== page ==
LGR – Apple IIGS – Vintage Computer System Review


[typing] June 10, 1977, marked the launch
of the original Apple II microc omputer, released as a follow up to the Apple I, primarily designed by
engineering genius Steve Wozniak. The computer was a landmark
in both design and function, as it not only looked noticeably slicker than many of the other
home computers of the time, but it had color graphics, a built-in keyboard, and a huge potential for expansion with its eight expansion slots. 40,000 units of this first model were sold, and Apple continued to build on its success with subsequent updates to the 8-bit machine, like the II Plus, the IIe, and the IIc. Apple released several other
machines alongside these, like the Lisa, and even an intended successor called the Apple III, but for various reasons,
these never gained much of a foothold, and the Apple II remained Apple’s cash cow for years. However, by the mid-’80s, the Apple II faithful longed for
an update to their computer, since the machine had tons of software and it was still very useful, though it was quickly losing ground to newer computers like the Amiga and the Atari ST. But in 1984, Apple had released the Macintosh, and while it wasn’t initially very successful, the company continued pushing
the Mac as the company’s future. As such, the Apple II line was receiving
less and less attention from Apple, And when the next-gen Apple II
was finally released in 1986, called the IIGS, it never got the corporate fanfare it deserved. While the IIGS sold very well in its first year, and was a proper reimagining of the Apple II, featuring backwards compatibility
and updated graphics and sound, as implied by the name “GS,” the computer was nonetheless still an Apple II. It held onto the past while hinting at the future, and was a bit of an oddity in that respect. Still, the IIGS was quite capable, and held out until 1992 when it was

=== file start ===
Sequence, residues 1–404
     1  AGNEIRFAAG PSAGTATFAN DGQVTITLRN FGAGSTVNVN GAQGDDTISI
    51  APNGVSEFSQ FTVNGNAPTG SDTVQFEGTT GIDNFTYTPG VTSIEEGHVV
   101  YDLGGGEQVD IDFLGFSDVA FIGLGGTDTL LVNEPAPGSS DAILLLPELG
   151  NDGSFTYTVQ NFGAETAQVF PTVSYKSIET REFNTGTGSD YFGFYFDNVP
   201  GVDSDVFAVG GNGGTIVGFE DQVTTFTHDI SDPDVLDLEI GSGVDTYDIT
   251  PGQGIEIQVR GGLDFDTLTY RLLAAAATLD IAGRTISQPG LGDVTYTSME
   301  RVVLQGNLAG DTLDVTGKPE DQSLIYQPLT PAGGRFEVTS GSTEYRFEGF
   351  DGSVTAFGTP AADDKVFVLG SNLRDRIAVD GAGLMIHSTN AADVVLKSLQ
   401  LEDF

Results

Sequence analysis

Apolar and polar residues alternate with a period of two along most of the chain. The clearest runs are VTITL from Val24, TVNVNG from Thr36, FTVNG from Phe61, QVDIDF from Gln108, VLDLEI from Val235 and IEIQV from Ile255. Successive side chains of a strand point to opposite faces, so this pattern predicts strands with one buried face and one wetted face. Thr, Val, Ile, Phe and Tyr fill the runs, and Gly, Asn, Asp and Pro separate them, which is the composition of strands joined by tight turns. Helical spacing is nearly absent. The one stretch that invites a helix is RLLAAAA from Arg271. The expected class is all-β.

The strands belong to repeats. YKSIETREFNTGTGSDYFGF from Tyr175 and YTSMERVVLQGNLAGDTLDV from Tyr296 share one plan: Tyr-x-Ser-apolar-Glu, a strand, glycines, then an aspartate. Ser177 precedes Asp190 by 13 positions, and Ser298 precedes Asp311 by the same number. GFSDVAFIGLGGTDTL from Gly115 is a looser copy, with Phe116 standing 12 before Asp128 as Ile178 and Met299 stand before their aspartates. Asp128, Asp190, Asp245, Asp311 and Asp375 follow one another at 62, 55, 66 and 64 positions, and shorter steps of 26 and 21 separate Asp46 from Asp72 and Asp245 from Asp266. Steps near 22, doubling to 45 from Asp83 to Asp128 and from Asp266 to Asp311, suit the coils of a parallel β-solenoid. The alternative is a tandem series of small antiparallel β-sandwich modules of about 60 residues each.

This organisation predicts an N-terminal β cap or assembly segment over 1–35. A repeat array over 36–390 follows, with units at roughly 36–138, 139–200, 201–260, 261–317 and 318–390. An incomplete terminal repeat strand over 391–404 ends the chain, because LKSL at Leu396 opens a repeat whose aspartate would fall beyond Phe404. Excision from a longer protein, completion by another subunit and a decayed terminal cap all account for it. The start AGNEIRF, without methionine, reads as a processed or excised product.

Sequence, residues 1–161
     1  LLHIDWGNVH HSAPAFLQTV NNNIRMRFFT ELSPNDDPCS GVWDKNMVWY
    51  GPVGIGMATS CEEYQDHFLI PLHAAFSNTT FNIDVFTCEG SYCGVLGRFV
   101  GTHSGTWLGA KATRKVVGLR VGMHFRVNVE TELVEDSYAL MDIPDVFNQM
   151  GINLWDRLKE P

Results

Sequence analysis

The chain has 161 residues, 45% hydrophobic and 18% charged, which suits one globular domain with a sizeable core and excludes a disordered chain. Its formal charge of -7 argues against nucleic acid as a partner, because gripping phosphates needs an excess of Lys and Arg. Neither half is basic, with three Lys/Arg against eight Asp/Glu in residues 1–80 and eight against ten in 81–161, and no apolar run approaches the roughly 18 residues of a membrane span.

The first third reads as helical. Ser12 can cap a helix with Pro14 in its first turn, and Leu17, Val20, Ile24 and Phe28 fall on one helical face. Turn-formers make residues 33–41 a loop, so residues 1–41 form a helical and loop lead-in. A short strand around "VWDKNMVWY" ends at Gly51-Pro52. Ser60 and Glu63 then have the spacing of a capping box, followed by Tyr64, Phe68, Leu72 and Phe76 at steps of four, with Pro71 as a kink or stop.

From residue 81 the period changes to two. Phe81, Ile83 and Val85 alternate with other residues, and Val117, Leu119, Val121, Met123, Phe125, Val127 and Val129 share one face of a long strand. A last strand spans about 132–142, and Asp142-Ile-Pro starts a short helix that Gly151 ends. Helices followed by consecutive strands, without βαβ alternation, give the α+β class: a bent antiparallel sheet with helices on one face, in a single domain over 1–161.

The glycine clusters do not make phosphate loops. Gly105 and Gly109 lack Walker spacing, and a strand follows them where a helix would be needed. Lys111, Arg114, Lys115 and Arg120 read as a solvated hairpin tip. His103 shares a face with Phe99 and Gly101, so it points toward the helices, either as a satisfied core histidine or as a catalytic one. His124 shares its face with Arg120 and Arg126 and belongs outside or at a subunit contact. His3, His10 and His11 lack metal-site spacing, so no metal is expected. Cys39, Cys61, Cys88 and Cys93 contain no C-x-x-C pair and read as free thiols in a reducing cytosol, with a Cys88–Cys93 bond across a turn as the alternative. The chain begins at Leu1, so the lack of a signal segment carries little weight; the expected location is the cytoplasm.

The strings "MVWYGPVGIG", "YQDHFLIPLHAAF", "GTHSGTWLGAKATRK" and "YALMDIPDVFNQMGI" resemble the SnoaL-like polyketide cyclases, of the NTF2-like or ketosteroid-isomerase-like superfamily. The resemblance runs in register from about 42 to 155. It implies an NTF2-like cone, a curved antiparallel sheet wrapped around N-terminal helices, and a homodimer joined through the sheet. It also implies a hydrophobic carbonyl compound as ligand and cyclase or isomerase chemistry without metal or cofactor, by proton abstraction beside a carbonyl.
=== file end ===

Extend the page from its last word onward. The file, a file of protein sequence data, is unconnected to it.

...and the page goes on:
totally eclipsed by the Macintosh and discontinued. There are a few main variants
of the IIGS to look out for, starting with the first
10,000 machines manufactured, known as “Woz Editions.” The only thing setting this apart from the regular IIGS is a silk screen signature of
Steve Wozniak on the front of the case. Which brings me to the most common machine, the stock GS. Same thing as the Woz Edition,
just without the signature. And this is the one you’re most likely
to run across when searching for one, though it may have any number of
expansions installed, increasing its value. Another version is the IIGS upgrade, which was a kit made available
to owners of the older IIe. With this, your 8-bit Apple IIe could be retrofitted with a 16-bit Apple IIGS motherboard. Although it wasn’t very popular due to
the fact that it didn’t save much money, it didn’t come with a mouse and
some of the newer expansion boards didn’t fit the slanted IIe case. I got my Apple IIGS for the cost of shipping, thanks to the incredible
generosity of YouTuber Dayv99. Thank you once again, sir of sirs. However, you can expect to pay
anywhere from $50-200 or so depending on what the computer comes with, as the stock IIGS itself isn’t too costly, but the peripherals and add-ons certainly can be. Just looking at the outside of the IIGS, you’ll notice that it’s more boxy and
predictable than the older Apple II’s, although that’s not intrinsically a bad thing. In fact, it has lines reminiscent
of the Apple IIc released in 1984. And I like the look and feel of that,
so the IIGS isn’t terrible or anything, but I still prefer the classic
lines of the II, II Plus, and IIe. Same goes for the keyboard, which is again
more similar to the IIc’s than, say, the IIe’s. It feels good enough to type on, I suppose, but the keys don’t travel very far and unfortunately it seems a tad brittle, ’cause mine was busted up a bit during shipment due to being delivered by rabid gorillas, and the original IIGS keyboard isn’t
easy to replace for a decent price. Fortunately, the IIGS uses ADB, the Apple Desktop Bus, so you can use compatible